Starting Gate

Greater London North - London

A historic pub interior of regional importance

Listed Status: II

Station Road
London, Wood Green
N22 7SS

Tel: (020) 8889 9436

Email: enquiry@thestartinggate.co.uk

Website https://www.thestartinggate.co.uk/

Real Ale: Yes

Lunchtime Meals: Yes

Evening Meals: Yes

Nearby Station: Alexandra Palace

Station Distance: 10m

Public Transport: Near Railway Station (Alexandra Palace) and Bus Stop

Bus: Yes

View on: Whatpub

Now a modern-atmosphere eating and drinking establishment, some considerable vestiges of this pub’s rich, late-Victorian furnishings remain. Interestingly, this pub didn’t start life as a pub but as the Palace Café, opened in 1875, the same year as Alexandra Palace. It turned into a pub by 1896 and was refitted by Richard Dickenson of St John Street, Adelphi, in 1899 – no doubt the date of much of what we see today. Inside is a central servery from which compartments once radiated and the six outside doors show these were numerous and therefore small. The surviving screen panels are formed of timber and etched glass, the latter embellished with the small birds and swirling foliage that never failed to delight late-Victorian pub owners and customers. The panelled oak bar counter is Victorian as are the mirrors in the central stillion (although the structure itself is modern). The timber arch above, however, is Victorian, and spans two mighty, fluted cast-iron Corinthian columns. Another item of interest is the mosaic flooring marking out a former corridor leading from the St Michael’s Terrace entrance. You will also find a well preserved bank of snob screens sitting on the counter.<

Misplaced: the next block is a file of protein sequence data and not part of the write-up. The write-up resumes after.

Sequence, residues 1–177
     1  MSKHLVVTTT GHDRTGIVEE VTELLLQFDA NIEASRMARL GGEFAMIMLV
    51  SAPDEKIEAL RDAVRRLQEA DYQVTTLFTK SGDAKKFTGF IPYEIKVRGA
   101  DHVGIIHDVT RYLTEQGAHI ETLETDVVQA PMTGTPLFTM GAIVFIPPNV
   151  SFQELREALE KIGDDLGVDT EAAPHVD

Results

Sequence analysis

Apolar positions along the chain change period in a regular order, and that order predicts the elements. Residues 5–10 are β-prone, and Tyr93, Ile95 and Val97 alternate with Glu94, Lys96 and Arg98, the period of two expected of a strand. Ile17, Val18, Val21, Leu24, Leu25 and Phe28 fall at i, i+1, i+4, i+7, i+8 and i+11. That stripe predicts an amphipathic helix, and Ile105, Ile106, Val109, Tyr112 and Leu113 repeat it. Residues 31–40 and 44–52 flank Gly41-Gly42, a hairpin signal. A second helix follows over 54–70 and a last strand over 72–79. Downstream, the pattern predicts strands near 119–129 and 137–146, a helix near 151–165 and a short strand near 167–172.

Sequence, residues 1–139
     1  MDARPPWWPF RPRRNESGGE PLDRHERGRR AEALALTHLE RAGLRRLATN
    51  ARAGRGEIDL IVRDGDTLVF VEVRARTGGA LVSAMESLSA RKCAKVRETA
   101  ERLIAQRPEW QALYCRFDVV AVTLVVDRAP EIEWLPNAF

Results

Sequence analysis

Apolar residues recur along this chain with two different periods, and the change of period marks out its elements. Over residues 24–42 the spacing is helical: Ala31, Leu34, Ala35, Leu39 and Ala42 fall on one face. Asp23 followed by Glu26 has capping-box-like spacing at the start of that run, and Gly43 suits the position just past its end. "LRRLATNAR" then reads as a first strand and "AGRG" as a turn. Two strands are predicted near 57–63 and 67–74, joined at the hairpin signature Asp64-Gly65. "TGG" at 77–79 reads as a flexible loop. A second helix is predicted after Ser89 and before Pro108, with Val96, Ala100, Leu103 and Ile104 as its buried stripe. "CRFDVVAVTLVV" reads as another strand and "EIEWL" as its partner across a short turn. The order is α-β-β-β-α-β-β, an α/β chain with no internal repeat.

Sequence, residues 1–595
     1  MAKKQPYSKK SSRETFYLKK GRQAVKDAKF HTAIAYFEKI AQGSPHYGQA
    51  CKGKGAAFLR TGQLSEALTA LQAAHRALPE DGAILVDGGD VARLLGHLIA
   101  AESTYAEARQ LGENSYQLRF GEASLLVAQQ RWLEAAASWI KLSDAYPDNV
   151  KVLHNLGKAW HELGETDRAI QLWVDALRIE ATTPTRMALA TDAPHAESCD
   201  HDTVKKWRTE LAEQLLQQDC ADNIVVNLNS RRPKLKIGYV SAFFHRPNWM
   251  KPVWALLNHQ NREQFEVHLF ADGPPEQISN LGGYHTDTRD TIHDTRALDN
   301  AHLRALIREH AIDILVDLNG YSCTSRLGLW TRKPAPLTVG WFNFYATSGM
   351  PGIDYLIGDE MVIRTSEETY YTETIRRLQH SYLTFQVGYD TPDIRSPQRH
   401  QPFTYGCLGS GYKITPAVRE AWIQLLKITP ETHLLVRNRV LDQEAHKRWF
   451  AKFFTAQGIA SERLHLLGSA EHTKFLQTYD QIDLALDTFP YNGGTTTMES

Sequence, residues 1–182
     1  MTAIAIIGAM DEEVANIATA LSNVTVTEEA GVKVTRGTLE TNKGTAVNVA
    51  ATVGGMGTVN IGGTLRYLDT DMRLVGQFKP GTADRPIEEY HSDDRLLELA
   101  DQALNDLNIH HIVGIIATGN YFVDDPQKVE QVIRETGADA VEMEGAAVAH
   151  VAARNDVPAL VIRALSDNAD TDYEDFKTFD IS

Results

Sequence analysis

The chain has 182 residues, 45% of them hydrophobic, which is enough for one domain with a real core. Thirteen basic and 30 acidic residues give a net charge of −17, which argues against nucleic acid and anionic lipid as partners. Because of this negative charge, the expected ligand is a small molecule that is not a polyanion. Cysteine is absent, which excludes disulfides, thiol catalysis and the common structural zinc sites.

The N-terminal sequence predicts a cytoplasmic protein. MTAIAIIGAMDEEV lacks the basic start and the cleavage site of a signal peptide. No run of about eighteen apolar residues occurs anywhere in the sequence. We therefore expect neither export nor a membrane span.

Now a modern-atmosphere eating and drinking establishment, some considerable vestiges of this pub’s rich, late-Victorian furnishings remain. Interestingly, this pub didn’t start life as a pub but as the Palace Café, opened in 1875, the same year as Alexandra Palace. It turned into a pub by 1896 and was refitted by Richard Dickenson of St John Street, Adelphi, in 1899 – no doubt the date of much of what we see today. Inside is a central servery from which compartments once radiated and the six outside doors show these were numerous and therefore small. The surviving screen panels are formed of timber and etched glass, the latter embellished with the small birds and swirling foliage that never failed to delight late-Victorian pub owners and customers. The panelled oak bar counter is Victorian as are the mirrors in the central stillion (although the structure itself is modern). The timber arch above, however, is Victorian, and spans two mighty, fluted cast-iron Corinthian columns. Another item of interest is the mosaic flooring marking out a former corridor leading from the St Michael’s Terrace entrance. You will also find a well preserved bank of snob screens sitting on the counter.

Other Heritage Pubs with snob screens are Bartons Arms, Aston, Birmingham; Prince Alfred, London W9; Lamb, London WC1; Posada, Wolverhampton , West Midlands; Travellers Friend, Woodford Green, Greater London; Bunch of Grapes, London SW3; Crown, London N1; and Crown & Greyhound, London SE21 but these have been moved.

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